But the real number of U.S. hostages could be as few as three, two U.S. officials said Wednesday.
The Algerian Press Service, citing a source from the provincial administration of Illizi, reported that "a little more than 20 foreign nationals are held hostage."
Defense Secretary Leon Panetta, in Europe meeting with NATO allies, called the incident "a terrorist attack."
Nine or 10 Americans were working at the site, and U.S. officials were trying to determine who had been abducted, a State Department official told CNN.
The source said the abductors were demanding that members of their group being held prisoner be released and sent to northern Mali. The official was not clear about where the prisoners were.
"The first priority is to gain understanding of what is happening," a senior U.S. official with direct knowledge of the matter said. "We are working on ways to improve that now."
The official added that a Special Operations team -- the Commanders In-extremis Force -- "is on a very short string."
He said that "another important piece will be for Libya to really lock down the nearby border on their side," so personnel and weapons cannot get through.
A U.S. official said the capability existed "to see the area" around the facility and that the ability to monitor the situation will "improve soon."
The CIF unit is prepared to move within four hours of being ordered to do so, a U.S. defense official told CNN. The official said that, before the hostage incident, the unit had been headed to Senegal, where it was to be on standby for missions in Mali, but that it may now move elsewhere.
A second U.S. official said that any operation would take time to unfold. "This is not the type of mission that you plan and execute overnight, it's just not," the official said. "We don't know specifically how many militants or hostages there are. But with so little information, if you're talking dozens of militants and up to 40 hostages, I don't see how you go in without killing half the hostages."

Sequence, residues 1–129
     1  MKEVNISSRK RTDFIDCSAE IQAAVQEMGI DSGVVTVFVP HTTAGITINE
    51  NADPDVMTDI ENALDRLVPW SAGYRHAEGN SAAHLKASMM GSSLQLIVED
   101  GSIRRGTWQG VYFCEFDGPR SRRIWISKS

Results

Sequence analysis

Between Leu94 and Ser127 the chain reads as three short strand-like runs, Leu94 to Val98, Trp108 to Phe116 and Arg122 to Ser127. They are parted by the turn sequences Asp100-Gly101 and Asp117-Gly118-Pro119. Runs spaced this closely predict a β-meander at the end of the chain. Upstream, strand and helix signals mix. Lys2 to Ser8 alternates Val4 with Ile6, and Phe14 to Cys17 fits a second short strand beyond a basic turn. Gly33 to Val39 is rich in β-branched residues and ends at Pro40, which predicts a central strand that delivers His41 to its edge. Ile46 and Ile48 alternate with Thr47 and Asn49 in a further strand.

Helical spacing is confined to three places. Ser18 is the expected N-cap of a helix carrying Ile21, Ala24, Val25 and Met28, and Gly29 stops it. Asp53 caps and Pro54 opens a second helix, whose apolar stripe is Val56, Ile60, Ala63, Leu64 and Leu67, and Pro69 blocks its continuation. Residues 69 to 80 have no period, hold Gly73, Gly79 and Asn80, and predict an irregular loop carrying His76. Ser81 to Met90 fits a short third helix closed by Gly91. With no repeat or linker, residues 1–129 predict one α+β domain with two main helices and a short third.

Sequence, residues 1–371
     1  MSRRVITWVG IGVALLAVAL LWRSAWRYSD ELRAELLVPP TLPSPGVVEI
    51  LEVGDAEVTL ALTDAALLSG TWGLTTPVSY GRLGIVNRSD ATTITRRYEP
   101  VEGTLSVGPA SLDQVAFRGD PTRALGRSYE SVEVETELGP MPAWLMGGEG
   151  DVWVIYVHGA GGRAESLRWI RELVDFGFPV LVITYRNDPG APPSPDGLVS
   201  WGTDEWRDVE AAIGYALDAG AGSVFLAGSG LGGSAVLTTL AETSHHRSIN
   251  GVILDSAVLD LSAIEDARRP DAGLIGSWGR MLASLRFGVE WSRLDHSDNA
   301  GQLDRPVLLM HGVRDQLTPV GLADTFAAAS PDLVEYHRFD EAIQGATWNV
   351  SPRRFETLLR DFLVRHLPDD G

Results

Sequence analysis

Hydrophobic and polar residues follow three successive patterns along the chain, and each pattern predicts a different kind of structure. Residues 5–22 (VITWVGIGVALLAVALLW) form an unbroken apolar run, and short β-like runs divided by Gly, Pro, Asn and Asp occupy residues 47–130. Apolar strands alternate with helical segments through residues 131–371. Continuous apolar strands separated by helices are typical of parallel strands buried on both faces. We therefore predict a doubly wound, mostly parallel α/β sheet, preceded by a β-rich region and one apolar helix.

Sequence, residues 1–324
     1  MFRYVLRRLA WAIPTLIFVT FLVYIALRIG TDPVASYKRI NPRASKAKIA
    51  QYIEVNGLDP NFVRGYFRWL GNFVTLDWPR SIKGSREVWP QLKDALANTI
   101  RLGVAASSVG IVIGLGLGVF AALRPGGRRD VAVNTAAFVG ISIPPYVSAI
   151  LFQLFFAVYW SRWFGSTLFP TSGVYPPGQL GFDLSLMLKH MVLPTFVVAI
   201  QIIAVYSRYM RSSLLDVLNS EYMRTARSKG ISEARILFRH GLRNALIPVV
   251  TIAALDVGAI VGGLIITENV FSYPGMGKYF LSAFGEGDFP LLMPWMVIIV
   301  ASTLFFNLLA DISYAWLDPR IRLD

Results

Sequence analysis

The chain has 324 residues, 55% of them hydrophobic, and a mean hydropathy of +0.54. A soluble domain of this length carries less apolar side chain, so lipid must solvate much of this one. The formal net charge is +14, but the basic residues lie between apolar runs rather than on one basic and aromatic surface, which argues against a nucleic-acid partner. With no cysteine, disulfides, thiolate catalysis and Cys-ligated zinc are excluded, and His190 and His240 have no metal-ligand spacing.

The second official said that Marine Corps' Fleet Antiterrorism Security Teams would be deployed only to augment security at any nearby embassies. None is under threat. They would not be deployed for field operations in any rescue attempt, the official said.
The Pentagon's Africa Command is taking the military lead on the matter, and the State Department and FBI are the lead agencies in contact with the Algerian government, a Defense official said.
The official said commanders have assets "not too far away," including aircraft from the Air Force's base in Aviano, Italy, and a Marine Corps FAST team in Sigonella, Italy.
Any action would need to be approved by Algeria, "which is more than just a formality," the official said.
A spokesman for the group -- whose name means "those who sign with blood" -- said that jihadists controlled the plant.
Saying that the operation was an act of revenge against Algeria, the spokesman said 400 Algerian soldiers were on the site "who have not been targeted by jihadists."
A spokesman for the Norwegian Prime Minister's office told CNN that "13 Norwegians, all employees of Statoil, are involved in the incident at Amenas gas field in Algeria."
The UK Foreign Office said British nationals were caught up in the incident.
Ireland's foreign minister said there were reports that an Irish citizen was involved; the office of the French president refused comment on reports that French citizens were among the hostages.